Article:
18. Duchaine, B., & Nakayama, K. (2006). The Cambridge Face Memory Test: Results for neurologically intact individuals and an investigation of its validity using inverted face stimuli and prosopagnosic participants. Neuropsychologia, 44, 576–585. doi:10.1016/j.neuropsychologia.2005.07.001.CrossRefPubMedGoogle Scholar
  19. Faul, F., Erdfelder, E., Lang, A.-G., & Buchner, A. (2007). G* Power 3: A flexible statistical power analysis program for the social, behavioral, and biomedical sciences. Behavior Research Methods, 39, 175–191.CrossRefPubMedGoogle Scholar
  20. Freitag, C.M., et al. (2007). Evaluation der deutschen Version des Autismus-Spektrum-Quotienten (AQ)-die Kurzversion AQ-k. Zeitschrift für klinische Psychologie und Psychotherapie, 36, 280–289 doi:10.1026/1616-3443.36.4.280.CrossRefGoogle Scholar
  21. Garrido, L., et al. (2009). Developmental phonagnosia: A selective deficit of vocal identity recognition. Neuropsychologia, 47, 123–131. doi:10.1016/j.neuropsychologia.2008.08.003.CrossRefPubMedGoogle Scholar
  22. Gervais, H., et al. (2004). Abnormal cortical voice processing in autism. Nature Neuroscience, 7, 801–802 doi. Doi:10.1038/Nn1291.CrossRefPubMedGoogle Scholar
  23. Glass, G.V., P.D. Peckham (1972). Consequences of failure to meet assumptions underlying the fixed effects analyses of variance and covariance. Review of Educational Research 42, 237–288.CrossRefGoogle Scholar
  24. Golarai, G., Grill-Spector, K., & Reiss, A. L. (2006). Autism and the development of face processing. Clinical Neuroscience Research, 6, 145–160. doi:10.1016/j.cnr.2006.08.001.CrossRefPubMedPubMedCentralGoogle Scholar
  25. Hailstone, J. C., Crutch, S. J., Vestergaard, M. D., Patterson, R. D., & Warren, J. D. (2010). Progressive associative phonagnosia: A neuropsychological analysis. Neuropsychologia, 48, 1104–1114. doi:10.1016/j.neuropsychologia.2009.12.011.CrossRefPubMedPubMedCentralGoogle Scholar
  26. Hancock, P.J.B., Bruce, V., & Burton, A. M. (2000). Recognition of unfamiliar faces. Trends in Cognitive Sciences, 4, 330–337. doi:10.1016/S1364-6613(00)01519-9.CrossRefPubMedGoogle Scholar
  27. Hanley, J. R., & Cowell, E. S. (1988). The effects of different types of retrieval cues on the recall of names of famous faces. Mem. Cognition, 16, 545–555. doi:10.3758/bf03197056.CrossRefGoogle Scholar
  28. Hanley, J. R., & Damjanovic, L. (2009). It is more difficult to retrieve a familiar person’s name and occupation from their voice than from their blurred face. Memory (Hove, England), 17, 830–839. doi:10.1080/09658210903264175.CrossRefGoogle Scholar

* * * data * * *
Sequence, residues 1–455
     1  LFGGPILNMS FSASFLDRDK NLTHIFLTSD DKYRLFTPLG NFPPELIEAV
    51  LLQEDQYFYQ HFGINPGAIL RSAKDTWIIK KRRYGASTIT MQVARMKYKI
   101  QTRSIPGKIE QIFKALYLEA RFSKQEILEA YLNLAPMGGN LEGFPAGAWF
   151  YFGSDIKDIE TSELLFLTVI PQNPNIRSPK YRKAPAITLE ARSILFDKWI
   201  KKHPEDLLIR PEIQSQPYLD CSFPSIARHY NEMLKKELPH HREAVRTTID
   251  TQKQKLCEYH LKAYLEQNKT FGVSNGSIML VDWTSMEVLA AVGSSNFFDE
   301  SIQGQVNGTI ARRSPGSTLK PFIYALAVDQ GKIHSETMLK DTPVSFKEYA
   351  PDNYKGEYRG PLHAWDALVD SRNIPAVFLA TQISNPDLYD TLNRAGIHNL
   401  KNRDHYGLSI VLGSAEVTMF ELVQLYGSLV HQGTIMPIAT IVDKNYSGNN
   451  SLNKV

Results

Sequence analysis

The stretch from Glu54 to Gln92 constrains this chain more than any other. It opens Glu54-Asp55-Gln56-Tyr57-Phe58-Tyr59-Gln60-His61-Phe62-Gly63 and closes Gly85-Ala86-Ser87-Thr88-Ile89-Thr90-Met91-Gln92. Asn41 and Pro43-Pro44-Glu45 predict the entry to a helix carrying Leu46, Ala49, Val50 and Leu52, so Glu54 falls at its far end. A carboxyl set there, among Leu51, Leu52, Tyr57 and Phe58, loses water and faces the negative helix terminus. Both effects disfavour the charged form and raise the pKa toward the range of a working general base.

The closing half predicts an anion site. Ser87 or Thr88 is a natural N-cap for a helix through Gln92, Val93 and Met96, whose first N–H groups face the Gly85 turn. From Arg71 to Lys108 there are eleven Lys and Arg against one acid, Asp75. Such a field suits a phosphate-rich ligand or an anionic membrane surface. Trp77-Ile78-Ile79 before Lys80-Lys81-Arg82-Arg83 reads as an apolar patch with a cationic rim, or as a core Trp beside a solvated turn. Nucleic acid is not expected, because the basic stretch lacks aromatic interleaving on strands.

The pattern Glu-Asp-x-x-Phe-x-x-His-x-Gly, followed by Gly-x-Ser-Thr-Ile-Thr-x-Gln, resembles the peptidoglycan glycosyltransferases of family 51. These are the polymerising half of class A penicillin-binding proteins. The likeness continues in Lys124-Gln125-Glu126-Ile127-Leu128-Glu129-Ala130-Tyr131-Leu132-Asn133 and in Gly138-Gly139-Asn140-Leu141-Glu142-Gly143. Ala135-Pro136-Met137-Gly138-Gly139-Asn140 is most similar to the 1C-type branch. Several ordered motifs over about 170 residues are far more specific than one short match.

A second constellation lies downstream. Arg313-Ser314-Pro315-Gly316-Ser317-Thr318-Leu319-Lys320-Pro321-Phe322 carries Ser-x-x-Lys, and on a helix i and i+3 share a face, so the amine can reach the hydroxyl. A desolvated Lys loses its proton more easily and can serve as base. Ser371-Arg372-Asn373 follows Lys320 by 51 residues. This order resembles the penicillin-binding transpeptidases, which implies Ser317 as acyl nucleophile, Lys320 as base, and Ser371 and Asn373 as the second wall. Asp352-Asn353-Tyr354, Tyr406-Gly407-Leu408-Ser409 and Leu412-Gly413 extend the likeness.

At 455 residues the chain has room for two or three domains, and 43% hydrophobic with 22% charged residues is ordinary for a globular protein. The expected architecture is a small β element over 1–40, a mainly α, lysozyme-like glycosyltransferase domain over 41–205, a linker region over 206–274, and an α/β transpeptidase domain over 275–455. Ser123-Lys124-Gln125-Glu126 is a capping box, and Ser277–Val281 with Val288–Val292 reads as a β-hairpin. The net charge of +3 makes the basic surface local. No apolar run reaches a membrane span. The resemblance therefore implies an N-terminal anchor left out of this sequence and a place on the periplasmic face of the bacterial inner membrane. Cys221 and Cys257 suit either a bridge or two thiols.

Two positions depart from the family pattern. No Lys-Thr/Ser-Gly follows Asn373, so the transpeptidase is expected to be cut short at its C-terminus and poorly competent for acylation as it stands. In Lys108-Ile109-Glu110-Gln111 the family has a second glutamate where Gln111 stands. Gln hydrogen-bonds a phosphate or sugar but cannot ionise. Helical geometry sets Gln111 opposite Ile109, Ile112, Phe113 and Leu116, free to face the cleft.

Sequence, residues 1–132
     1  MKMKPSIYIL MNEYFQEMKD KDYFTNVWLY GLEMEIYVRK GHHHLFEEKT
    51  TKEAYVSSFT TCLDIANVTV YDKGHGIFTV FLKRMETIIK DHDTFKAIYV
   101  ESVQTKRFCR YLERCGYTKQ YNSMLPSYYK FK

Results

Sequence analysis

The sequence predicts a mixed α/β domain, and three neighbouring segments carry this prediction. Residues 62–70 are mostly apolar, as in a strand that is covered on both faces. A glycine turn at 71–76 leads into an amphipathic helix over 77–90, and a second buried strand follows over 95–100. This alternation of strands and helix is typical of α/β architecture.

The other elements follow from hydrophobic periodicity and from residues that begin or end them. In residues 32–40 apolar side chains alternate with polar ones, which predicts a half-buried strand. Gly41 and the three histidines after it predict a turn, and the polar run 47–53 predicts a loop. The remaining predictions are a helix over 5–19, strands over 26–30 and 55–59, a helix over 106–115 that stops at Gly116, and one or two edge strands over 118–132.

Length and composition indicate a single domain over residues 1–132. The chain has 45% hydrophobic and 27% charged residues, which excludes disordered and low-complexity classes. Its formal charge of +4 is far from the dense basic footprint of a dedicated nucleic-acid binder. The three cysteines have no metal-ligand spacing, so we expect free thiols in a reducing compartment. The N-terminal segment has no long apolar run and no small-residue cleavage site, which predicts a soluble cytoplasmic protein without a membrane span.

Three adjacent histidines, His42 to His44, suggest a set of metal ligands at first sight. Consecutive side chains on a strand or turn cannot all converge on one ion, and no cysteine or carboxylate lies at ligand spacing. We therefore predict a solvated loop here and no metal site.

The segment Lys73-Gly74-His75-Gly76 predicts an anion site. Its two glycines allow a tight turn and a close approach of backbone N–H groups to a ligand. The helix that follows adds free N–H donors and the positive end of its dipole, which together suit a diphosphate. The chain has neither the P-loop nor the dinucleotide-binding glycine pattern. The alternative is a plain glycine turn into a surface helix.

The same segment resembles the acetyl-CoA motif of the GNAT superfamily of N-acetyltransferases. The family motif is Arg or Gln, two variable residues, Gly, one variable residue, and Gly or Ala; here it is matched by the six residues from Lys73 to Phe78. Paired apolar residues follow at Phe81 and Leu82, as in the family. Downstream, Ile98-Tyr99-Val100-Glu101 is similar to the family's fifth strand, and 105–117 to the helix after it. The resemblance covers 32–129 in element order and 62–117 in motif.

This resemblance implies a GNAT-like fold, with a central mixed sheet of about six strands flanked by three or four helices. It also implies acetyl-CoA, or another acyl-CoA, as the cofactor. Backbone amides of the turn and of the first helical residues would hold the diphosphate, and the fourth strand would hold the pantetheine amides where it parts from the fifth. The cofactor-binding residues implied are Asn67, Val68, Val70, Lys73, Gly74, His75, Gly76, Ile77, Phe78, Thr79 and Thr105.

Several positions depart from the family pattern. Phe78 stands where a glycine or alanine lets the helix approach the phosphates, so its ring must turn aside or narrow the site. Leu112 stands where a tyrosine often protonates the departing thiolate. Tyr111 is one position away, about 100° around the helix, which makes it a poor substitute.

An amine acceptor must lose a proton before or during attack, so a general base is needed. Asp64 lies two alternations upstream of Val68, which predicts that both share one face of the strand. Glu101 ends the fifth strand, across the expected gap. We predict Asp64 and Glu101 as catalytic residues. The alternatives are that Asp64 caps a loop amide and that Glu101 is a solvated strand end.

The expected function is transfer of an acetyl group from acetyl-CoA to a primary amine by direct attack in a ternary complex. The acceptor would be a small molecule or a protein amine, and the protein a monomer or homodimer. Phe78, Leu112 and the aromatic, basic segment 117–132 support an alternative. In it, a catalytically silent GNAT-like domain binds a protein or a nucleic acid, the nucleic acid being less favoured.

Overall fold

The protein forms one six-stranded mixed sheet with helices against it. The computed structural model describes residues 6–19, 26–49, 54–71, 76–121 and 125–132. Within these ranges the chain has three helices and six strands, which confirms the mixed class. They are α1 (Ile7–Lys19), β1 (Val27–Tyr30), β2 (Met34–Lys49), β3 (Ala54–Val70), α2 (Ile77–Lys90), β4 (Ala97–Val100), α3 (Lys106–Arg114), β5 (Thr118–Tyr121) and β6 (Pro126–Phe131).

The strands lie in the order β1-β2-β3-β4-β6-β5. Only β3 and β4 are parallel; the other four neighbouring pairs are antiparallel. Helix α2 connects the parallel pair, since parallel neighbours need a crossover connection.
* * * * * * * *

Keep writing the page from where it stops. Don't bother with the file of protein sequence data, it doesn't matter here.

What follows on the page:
29. Hanley, J. R., Smith, S. T., & Hadfield, J. (1998). I recognise you but I can’t place you: An investigation of familiar-only experiences during tests of voice and face recognition. Quarterly Journal of Experimental Psychology Section a-Human Experimental Psychology, 51, 179–195.CrossRefGoogle Scholar
  30. Hanley, J. R., & Turner, J. M. (2000). Why are familiar-only experiences more frequent for voices than for faces? Quarterly Journal of Experimental Psychology Section a-Human Experimental Psychology, 53, 1105–1116. doi:10.1080/02724980050156317.CrossRefGoogle Scholar
  31. Hanley, J. R., Young, A. W., & Pearson, N. A. (1989). Defective recognition of familiar people. Cognitive Neuropsychology, 6, 179–210. doi:10.1080/02643298908253418.CrossRefGoogle Scholar
  32. Hedley, D., Brewer, N., & Young, R. (2011). Face recognition performance of individuals with Asperger syndrome on the Cambridge face memory test. Autism Research, 4, 449–455. doi:10.1002/aur.214.CrossRefPubMedGoogle Scholar
  33. Herlitz, A., Lovén, J. (2009). Sex Differences in Cognitive Functions. Acta Psychologica Sinica, 41, 1081–1090.CrossRefGoogle Scholar
  34. Herlitz, A., & Loven, J. (2013). Sex differences and the own-gender bias in face recognition: A meta-analysis review. Visual Cognition, 21, 1306–1336. doi:10.1080/13506285.2013.823140.CrossRefGoogle Scholar
  35. Herzmann, G., Kunina, O., Sommer, W., & Wilhelm, O. (2010). Individual differences in face cognition: Brain-behavior relationships. Journal of Cognitive Neuroscience, 22, 571–589. doi:10.1162/jocn.2009.21249.CrossRefPubMedGoogle Scholar
  36. Hildebrandt, A., Sommer, W., Herzmann, G., & Wilhelm, O. (2010). Structural invariance and age-related performance differences in face cognition. Psychology and Aging, 25, 794–810. doi:10.1037/a0019774.CrossRefPubMedGoogle Scholar
  37. Hoekstra, R. A., Bartels, M., Cath, D. C., & Boomsma, D. I. (2008). Factor structure, reliability and criterion validity of the autism-spectrum quotient (AQ): A study in dutch population and patient groups. Journal of Autism and Developmental Disorders, 38, 1555–1566. doi:10.1007/s10803-008-0538-x.CrossRefPubMedPubMedCentralGoogle Scholar
  38. Hurley, R. S. E., Losh, M., Parlier, M., Reznick, J. S., & Piven, J. (2007). The broad autism phenotype questionnaire. Journal of Autism and Developmental Disorders, 37, 1679–1690. doi:10.1007/s10803-006-0299-3.CrossRefPubMedGoogle Scholar
  39. Huynh, H., & Feldt, L. (1976). Estimation of the Box correction for degrees of freedom from sample data in randomised block and split-plot designs. Journal of Educational Statistics, 1, 69–82. doi:10.3102/10769986001001069.CrossRefGoogle Scholar